If you read last week’s blog post, you know that we at All The Kissing had our very first writing retreat (hopefully the first of many). We met up in Austin, TX for fun, food, and lots and lots of writing time. While we didn’t have anything scheduled in the way of classes or instruction, we found time to discuss our writing, share what we were working on, and bounce ideas off one another.
For me, that was ideal—there was plenty of quiet time for writing and let me tell you, there is absolutely nothing like walking into a room to find six or seven other writers all focused on getting their words out onto the page. Whether someone was drafting a new book or editing/revising an existing one, the amount of focus in that room was unbelievable. Others chose to find a sunny spot outdoors, or sit on a deck, or take a room to themselves for complete and utter focus. Regardless of what anyone needed, I’m delighted to say that our retreat space had it.
We asked our community what some of their most memorable writing retreats were like, and especially what they liked best about them. Here, in no particular order, are the answers we got.
Our Memorable Writing Retreats
Cruise for Inspiration
“I just got back from a writers’ cruise a few weeks ago. My favorite session was about project management for writers. Super useful info, plus it put me on the track to learning how to plot ahead of time…I’m more of a pantser. Was really fabulous!” — ATK Community Member
“I have a local group here that offers writing retreats and I try to go once or twice a year. Apart from the material things (cozy cottage settings and these caramelized onion and rosemary scones that are heavenly) the retreats include long stretches of silent writing time that I really love. Having it structured and designated on the schedule means everyone plays by the same rules.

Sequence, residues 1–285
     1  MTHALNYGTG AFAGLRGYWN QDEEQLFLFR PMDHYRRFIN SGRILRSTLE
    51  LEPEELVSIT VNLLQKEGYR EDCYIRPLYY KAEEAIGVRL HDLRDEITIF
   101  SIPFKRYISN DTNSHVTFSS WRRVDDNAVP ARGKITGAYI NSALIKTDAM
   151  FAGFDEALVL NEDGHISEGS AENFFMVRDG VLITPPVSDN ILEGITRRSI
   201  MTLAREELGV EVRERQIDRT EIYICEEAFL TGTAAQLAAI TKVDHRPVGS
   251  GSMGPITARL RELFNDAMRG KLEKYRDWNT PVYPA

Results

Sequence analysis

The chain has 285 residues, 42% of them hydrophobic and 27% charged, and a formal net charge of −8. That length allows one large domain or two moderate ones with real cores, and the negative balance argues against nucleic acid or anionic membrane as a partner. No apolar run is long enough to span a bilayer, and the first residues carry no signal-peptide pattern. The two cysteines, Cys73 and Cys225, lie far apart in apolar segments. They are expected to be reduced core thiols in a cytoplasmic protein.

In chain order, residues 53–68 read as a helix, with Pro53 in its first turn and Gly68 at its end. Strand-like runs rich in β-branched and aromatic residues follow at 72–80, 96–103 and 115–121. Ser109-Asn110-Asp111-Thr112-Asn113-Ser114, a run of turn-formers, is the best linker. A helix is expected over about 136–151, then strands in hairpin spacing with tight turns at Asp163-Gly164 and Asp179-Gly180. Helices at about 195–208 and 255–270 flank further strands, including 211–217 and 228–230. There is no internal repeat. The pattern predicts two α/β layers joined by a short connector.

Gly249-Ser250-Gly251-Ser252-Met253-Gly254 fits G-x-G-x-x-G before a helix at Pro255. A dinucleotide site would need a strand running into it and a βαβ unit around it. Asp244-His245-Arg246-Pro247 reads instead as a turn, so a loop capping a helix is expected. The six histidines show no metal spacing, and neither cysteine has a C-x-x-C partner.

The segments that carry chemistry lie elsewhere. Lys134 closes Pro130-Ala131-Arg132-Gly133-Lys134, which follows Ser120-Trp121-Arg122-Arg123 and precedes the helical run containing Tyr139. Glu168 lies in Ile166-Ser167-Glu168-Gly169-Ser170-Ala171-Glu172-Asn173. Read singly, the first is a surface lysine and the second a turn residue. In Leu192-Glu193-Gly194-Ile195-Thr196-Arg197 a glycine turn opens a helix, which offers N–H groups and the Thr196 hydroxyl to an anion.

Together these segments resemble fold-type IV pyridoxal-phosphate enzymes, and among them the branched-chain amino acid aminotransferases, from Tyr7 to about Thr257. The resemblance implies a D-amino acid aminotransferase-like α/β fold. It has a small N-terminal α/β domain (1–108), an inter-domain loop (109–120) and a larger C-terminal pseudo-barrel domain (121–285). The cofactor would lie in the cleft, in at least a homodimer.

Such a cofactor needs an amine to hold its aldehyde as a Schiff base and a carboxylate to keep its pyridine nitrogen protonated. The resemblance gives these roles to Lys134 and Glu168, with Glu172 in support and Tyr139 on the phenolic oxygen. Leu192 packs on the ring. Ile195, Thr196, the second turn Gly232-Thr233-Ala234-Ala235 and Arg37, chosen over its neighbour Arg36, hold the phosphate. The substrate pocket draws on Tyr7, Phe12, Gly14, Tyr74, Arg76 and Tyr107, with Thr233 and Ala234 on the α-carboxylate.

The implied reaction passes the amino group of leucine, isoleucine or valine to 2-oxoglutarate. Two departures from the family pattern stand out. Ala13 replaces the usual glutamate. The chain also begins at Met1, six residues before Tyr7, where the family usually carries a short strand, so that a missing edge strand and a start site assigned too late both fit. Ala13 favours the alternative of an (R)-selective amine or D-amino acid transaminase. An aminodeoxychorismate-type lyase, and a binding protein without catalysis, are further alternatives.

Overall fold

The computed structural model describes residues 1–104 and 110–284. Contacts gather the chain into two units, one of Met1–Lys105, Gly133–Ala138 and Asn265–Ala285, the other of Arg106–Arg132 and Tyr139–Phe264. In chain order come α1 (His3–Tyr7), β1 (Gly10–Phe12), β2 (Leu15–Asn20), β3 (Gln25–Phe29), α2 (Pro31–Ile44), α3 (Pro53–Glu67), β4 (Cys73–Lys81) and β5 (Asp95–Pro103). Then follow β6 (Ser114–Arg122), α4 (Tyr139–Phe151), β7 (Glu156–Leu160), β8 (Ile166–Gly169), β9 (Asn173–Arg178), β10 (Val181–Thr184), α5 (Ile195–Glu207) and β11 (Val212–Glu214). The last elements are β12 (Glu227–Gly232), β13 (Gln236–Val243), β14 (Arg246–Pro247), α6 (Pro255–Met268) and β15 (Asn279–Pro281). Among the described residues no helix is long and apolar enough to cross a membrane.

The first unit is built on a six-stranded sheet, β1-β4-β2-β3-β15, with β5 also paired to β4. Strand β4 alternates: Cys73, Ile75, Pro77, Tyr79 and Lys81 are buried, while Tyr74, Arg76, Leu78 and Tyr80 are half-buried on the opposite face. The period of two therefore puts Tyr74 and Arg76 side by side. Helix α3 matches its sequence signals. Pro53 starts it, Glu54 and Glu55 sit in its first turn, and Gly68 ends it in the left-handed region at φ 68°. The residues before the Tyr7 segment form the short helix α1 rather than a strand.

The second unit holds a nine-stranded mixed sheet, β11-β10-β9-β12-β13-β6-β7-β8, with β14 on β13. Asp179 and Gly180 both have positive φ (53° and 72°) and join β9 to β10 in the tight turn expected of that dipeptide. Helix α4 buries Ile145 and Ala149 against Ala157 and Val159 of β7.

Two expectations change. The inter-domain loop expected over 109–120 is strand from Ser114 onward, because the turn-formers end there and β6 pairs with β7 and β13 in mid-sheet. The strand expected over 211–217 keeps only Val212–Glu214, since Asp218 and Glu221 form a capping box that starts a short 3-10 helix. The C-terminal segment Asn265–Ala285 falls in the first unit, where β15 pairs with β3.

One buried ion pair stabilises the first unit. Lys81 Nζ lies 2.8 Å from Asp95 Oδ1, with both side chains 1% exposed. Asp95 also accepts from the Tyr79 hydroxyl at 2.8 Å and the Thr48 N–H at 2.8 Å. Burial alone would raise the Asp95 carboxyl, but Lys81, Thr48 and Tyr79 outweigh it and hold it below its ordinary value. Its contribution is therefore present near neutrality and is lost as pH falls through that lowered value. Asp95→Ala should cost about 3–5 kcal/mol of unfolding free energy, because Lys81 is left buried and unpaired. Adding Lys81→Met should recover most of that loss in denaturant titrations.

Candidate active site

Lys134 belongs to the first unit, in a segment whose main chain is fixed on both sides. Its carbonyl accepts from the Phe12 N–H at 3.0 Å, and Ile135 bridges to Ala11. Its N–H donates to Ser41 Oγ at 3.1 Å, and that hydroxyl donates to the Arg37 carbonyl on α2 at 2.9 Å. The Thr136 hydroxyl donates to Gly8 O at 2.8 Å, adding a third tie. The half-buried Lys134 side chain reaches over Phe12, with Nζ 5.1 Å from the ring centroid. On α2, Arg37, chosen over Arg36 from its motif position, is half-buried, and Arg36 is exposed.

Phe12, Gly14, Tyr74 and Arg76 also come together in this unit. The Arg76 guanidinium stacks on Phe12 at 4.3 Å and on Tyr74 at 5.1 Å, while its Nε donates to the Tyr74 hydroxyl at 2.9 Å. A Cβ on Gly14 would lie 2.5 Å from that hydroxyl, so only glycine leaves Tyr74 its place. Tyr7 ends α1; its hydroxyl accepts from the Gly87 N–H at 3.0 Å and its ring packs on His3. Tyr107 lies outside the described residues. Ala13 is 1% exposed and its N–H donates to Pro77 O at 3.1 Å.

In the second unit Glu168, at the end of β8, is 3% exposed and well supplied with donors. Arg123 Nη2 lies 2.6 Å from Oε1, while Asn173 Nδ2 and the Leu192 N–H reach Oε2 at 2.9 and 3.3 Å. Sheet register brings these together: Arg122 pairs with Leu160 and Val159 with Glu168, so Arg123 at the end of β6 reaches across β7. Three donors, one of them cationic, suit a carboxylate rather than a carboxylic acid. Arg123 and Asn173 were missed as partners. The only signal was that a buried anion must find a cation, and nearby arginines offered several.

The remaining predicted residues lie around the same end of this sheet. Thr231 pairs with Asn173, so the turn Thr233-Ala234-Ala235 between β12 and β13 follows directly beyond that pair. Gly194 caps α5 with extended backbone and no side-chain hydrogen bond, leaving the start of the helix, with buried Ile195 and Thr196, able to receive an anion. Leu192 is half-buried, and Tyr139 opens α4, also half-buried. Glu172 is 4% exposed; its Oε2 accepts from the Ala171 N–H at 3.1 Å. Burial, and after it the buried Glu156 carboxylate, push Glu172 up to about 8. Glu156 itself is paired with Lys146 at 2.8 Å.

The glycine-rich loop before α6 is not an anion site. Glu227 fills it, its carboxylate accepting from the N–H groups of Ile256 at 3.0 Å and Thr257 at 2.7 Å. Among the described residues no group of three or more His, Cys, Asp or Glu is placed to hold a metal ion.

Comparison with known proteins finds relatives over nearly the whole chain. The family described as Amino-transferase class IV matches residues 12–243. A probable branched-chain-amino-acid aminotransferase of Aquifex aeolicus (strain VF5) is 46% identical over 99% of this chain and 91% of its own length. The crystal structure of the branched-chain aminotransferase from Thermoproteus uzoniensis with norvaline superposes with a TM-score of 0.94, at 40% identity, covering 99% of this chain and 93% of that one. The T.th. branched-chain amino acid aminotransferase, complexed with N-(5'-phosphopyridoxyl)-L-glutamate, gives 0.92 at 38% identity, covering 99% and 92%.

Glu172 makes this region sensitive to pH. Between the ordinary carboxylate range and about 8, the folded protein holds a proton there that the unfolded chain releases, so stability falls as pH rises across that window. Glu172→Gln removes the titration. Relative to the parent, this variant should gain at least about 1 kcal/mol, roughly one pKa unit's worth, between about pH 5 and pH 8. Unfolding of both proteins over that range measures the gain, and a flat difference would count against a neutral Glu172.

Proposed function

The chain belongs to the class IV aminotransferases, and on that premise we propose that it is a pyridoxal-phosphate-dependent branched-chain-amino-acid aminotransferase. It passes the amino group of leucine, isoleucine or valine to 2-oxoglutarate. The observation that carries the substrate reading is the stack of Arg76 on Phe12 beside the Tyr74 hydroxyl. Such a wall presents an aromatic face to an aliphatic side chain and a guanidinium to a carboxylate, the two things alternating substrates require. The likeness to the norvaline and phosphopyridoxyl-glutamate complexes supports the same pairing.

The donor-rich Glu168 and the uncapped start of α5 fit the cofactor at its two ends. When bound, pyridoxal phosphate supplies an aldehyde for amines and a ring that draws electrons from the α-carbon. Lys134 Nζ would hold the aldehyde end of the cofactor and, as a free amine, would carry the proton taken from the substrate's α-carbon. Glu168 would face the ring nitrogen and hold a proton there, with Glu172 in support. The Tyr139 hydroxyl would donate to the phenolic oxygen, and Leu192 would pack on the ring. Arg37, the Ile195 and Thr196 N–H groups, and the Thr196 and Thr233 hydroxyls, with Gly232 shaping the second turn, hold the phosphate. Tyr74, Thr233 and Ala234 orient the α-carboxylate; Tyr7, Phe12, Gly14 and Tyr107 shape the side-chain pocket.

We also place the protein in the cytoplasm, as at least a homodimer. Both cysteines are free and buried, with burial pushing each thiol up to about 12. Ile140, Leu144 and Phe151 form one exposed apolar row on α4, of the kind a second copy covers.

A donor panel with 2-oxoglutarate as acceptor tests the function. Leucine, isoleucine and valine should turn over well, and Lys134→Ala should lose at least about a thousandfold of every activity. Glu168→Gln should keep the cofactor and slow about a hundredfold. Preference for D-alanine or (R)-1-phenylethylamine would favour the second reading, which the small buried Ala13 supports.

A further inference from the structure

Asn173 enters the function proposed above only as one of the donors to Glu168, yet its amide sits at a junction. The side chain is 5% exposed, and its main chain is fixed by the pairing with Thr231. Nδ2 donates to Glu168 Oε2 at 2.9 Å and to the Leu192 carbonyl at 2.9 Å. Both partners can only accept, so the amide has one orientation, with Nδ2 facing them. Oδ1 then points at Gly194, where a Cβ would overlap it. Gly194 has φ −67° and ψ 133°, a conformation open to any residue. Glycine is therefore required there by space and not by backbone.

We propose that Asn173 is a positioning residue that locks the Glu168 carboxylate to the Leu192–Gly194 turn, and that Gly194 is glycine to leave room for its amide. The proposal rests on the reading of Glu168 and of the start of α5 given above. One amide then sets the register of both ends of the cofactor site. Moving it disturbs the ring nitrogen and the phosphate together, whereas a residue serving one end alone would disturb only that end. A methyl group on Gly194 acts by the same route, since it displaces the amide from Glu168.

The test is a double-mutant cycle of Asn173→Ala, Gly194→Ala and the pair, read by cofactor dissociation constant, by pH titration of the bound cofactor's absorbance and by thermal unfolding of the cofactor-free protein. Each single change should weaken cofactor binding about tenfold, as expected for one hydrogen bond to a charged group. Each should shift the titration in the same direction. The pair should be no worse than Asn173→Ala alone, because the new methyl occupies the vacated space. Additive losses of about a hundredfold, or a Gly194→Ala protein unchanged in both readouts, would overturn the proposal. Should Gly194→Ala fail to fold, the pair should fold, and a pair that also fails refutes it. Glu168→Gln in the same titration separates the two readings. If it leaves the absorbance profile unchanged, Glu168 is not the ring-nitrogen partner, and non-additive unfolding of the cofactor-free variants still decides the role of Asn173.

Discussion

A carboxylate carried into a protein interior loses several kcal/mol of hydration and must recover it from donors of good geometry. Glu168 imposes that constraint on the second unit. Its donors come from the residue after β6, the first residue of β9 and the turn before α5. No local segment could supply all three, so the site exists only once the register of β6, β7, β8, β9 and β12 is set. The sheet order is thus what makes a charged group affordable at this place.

Sometimes I don’t even get a lot of words done, but just knowing the space is being held as quiet personal time is great.
Also, because not everyone who comes on these weekends is at the same place in their writing or career, there are usually some facilitated workshops where we write from prompts. Personally, I don’t usually need them as a way to jumpstart a project, but sometimes there are really remarkable bits that come from them that wind up being parts I love of a longer manuscript, and I don’t know if I would have come up with those words without that specific prompt.” — ATK Community Member
“I’ve been part of a retreat group for years. Everyone started it more or less at the same level (intermediate beginners). In the beginning, it was fantastic to have a couple of guest authors there to point us in the right direction—we submitted our first pages/chapters to each other & the author well ahead, then critiqued at the retreat the first 2 days (group first, then the guest author) and spent the rest working on any issues brought up. Later, we moved on to more free-form—it could be first chapters, an outline, a middle section, possibly even assigned reading or a movie/show that the author felt highlighted a skill perfectly—dialogue, grounding in a scene, character arc, etc. Now that all members have more time and experience under their belts, we don’t have a guest author, we just set aside time each day in case anyone needs to brainstorm, then the rest is dedicated writing time.” — ATK Community Member
“My group of four did a little homework ahead for discussion. We each listed 5 books we loved. Any genre. Also we wrote a line or two why we liked the book. Then, we discussed the lists and how we could implement the things we liked about our favorites into our own writing. We brainstormed actionable items. If it was something that would take a lot of time to learn, a longer term goal could be made to work on that thing.” — ATK Community Member
“All the retreats I’ve done with my local RWA chapters over the years and a few friends have been unstructured. I tend to prefer that to agenda-based ones because everyone seems to be at different stages (drafting, revising, editing, plotting). But I always feel like I can pull people together to talk through things and brainstorm. With one group, we use shared meal times for brainstorming.” — ATK Community Member